Billy: I feel a logical connection between what would be considered the older styles and the newer styles. I’ve been around long enough to actually see the evolution. So when I hear a new guy playing I don’t think, “Wow, where did that come from”? I know where it came from. I can relate it to everything else I’ve heard.
One time I saw a saxophone player in Sweden who really reminded me of Coltrane. I’m no dupe. I know what Coltrane sounds like. I thought this guy sounded just like him, but he said, “Col-who”? He knew Michael Brecker. That’s what happens with a lot of cats. When I heard Nasheet Waits play, I thought he sounded a lot like me when he plays free, but he also sounds like Jon Christensen. I think he sounds like both of us. Now, Nasheet had never heard Christensen. But I have.
MD: So that means when you’re on a gig you know automatically what fits the music?
Billy: I’m not Merlin, but I have something that I can present that I think may work, and a lot of times it does.
MD: You also don’t play one style. You’re not a hard bop drummer per se, nor are you totally free. You seem to be very flexible.
Billy: Flexible is the word. That said, I still believe that true contemporary drumming is what Sonny Murray, Rashied Ali, and Milford Graves did, and what the younger drummers are doing now is beginning to rationalize what they did academically. I’m talking about players like Nasheet, Jim Black, Susie Ibarra, Smitty Smith, Jeff Watts”. Rashied says Coltrane called it “multi-directional.” When they were playing multi-directionally, they didn’t take the time to figure out academically what it was. Now, forty years later with four different generations analyzing that music, whether it’s conscious or subconscious, they’re able to imitate it in a consistent way that makes it academically rational.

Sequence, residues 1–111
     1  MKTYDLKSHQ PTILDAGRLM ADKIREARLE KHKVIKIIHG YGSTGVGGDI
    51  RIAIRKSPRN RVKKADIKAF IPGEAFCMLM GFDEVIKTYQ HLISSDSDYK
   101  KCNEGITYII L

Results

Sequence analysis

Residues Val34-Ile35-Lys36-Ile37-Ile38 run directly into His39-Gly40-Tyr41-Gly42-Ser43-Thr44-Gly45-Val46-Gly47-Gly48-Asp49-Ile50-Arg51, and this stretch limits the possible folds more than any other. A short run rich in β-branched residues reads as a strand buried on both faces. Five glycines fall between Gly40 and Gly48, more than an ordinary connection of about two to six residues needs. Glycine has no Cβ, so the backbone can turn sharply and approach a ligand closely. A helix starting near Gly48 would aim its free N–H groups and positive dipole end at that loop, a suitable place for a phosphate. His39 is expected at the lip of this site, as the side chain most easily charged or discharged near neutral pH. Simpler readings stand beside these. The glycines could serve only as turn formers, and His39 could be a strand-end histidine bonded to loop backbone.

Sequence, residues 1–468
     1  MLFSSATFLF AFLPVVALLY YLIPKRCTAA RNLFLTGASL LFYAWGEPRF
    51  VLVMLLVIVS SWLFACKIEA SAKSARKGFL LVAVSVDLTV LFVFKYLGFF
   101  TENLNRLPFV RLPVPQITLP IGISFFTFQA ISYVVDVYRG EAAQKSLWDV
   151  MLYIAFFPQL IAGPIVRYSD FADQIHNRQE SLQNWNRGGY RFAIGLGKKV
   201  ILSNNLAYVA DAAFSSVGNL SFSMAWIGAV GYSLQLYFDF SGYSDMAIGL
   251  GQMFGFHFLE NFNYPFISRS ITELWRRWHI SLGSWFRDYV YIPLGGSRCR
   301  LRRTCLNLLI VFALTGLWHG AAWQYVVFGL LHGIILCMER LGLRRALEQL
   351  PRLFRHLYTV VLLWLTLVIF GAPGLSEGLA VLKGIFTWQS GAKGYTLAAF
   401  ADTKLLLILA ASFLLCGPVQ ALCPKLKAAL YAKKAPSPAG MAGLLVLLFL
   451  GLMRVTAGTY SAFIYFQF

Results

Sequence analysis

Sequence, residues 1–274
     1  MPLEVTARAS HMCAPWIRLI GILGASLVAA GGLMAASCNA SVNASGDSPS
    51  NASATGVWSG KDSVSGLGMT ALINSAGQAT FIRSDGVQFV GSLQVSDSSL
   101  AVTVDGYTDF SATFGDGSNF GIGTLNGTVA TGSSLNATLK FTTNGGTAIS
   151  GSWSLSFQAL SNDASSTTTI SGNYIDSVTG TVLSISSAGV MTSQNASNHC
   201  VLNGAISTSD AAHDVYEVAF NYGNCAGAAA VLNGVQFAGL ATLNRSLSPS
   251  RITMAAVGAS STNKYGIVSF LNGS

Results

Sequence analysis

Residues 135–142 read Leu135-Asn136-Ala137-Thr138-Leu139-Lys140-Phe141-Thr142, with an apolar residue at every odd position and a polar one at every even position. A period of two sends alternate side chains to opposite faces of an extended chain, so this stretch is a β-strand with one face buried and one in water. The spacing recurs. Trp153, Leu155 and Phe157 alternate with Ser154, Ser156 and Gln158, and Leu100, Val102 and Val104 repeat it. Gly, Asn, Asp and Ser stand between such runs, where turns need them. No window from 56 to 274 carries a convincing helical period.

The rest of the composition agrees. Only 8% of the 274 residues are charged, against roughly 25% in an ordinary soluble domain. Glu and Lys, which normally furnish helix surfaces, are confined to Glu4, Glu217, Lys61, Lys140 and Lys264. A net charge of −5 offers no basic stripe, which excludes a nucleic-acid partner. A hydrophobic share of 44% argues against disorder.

A concept that everyone talks about now but that no one ever discussed before is metric modulation. Before, the closest they got to it was Elvin playing polyrhythmically. But he never discussed the fact that it was odd phrasing, a phrase of five or seven. But that’s what those guys were doing back then.
I’ve heard people say that the avant-garde guys in the ’60s weren’t trying to swing. But what else could they possibly have been trying to do? They just found a unique way of swinging that you weren’t familiar with.
MD: Can you play multi-directionally when need be?
Billy: When I need to, I can. And when I hear the latest flavor of the month, I’ll be excited about it. Then, after I analyze it, I trace it back to where it came from. In the final analysis, I’m excited by people like Jim Black, Tom Rainey, and John Hollenbeck. And of anybody today, Nasheet is my favorite.
MD: Your drumming can also sound very atmospheric. Does that come out of your love of free players?
Billy: Yeah, I love it all. It’s funny that the tradition of African and Indian drumming is centuries old, and that people danced to some very adventurous stuff because they were familiar with it. But instead of our taking it forward, advancing that euphoria of rhythmic significance, today music is headed the other way. Rhythmically, things are getting simpler and simpler. How much farther down can you go?
For me, the purpose of music is to give people optimism and to be uplifting. Art is a mirror of the community. Someone has to take responsibility for uplifting the people. I feel that if people understood more about someone like Rashied Ali, they’d enjoy his drumming as much as any pop or commercial music.